As a frequent essay writer, I’m always searching for new words to enhance my writing and to
trick my professor into thinking that I’m smarter than I am impress my professor. My obsessive thesaurus usage has not only bumped up my grades on papers, but also led to my everyday vocabulary morphing into a mixture of a 12-year-old girl and a medical examiner on Law and Order. For reference, a typical ‘me’ line would sound like “OMG I’m like v disgruntled with this heinously long line at Starbucks”. As I discover new words, I have begun to push out the unnecessary ones – namely, all swear words. Granted, there are some instances when yelling the F-word at the top of your lungs is super cathartic (toe stubbing, coffee spilling, and that one time you thought you booked your Apple Genius appointment for Sunday, but instead found out you actually booked it for the next Wednesday and you have to wait 4 hours to get a new phone battery) but, for the most part, I believe that swearing is the easiest way to tarnish your image.
I put a lot of effort into how I present myself to the world. My clothes, hair, actions, and speech are all meticulously planned every day. I think that language is a key facet of one’s personality and plays a major role in how a person is perceived by others. Swearing is like putting a bumper sticker on a Mercedes, wearing crocs with a ball gown, walking in the mud with Louboutins – you get the point. Swear words rarely ever add substance to a sentence, and always class them down.
Plus, along with elevating the impression you leave on others, speaking in a positive, eloquent way will elevate your own self-image. When you take the extra 30-seconds to think about the words coming out of your mouth, you may actually end up re-thinking your whole take on the interaction. For example, if you’re cruising down the highway at a comfortable 110km/h (or sitting in the passenger seat like me because I refuse to drive on fast highways) and some motorcyclist speeds by you at 130km/h, instead of yelling a string of negative, albeit creative, curses, take a second to breathe, and instead say “well, I hope he gets to wherever he’s going faster”. I give you liberty to decide with what level of sarcasm you wish to say this phrase. In this situation, you have opted out of irritating yourself further with swear words aimed at someone who can’t even hear you and instead chosen to fill your car with a positive energy that you can carry with you for the rest of your drive. To quote Kanye West (and you know I always will) “the more positive energy you put out, the more positive energy you’ll get back”.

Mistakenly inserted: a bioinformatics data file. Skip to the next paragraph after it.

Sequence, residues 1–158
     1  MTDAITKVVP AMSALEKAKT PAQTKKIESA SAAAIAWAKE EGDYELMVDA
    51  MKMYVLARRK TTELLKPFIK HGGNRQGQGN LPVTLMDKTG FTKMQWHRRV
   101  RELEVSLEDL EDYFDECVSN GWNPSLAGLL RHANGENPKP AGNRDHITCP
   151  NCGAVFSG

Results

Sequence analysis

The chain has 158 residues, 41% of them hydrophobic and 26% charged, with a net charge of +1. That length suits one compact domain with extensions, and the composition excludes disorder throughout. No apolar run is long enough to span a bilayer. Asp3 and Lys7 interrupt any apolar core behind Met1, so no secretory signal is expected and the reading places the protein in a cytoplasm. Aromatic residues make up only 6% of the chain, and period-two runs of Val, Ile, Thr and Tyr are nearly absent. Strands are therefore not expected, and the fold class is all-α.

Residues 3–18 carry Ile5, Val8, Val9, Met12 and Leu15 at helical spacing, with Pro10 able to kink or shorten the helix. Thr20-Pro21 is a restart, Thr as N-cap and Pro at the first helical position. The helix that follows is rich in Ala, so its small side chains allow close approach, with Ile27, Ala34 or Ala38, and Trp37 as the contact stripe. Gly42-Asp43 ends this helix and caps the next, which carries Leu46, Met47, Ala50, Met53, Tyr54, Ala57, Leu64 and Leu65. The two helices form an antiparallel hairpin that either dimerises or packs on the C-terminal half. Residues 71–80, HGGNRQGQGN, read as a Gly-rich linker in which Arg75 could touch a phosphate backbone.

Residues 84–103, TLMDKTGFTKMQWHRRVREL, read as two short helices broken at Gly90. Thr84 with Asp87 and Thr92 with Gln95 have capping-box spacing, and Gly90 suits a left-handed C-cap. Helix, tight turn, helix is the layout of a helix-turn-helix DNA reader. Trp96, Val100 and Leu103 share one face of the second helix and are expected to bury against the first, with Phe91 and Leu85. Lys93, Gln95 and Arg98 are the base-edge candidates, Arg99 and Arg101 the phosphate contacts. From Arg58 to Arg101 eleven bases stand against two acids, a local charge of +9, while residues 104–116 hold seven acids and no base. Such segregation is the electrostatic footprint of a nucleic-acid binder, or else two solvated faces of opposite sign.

Maybe my view on swearing comes from my upbringing, where words like “stupid” and “suck” were banned in my house, replaced by less harsh words like “dim” and “unfortunate”. But, I have definitely grown to learn that there is always a better word for whatever profanity you wish to spew. A word that, often times, conveys a more emotive and discernable meaning.
The intention of this post is not to police the way you speak or to have the entire world speak like me (trust me, that would be VVVVV annoying), it is rather to get you to change the way you think about language. Don’t just use your voice as a projector of all the thoughts swirling around in your brain; use your voice as a tool of presentation. Learn how to speak with intention and spend time cultivating your vocabulary. Just don’t Thesaurus alternative swear words because, admittedly, “number two” probably doesn’t seamlessly glide into a conversation.